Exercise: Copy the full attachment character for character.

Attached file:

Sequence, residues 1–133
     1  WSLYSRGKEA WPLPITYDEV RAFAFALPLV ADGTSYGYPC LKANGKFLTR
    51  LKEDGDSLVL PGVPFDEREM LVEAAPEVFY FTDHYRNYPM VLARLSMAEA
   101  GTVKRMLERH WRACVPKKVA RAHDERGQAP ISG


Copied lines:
Sequence, residues 1–133
     1  WSLYSRGKEA WPLPITYDEV RAFAFALPLV ADGTSYGYPC LKANGKFLTR
    51  LKEDGDSLVL PGVPFDEREM LVEAAPEVFY FTDHYRNYPM VLARLSMAEA
   101  GTVKRMLERH WRACVPKKVA RAHDERGQAP ISG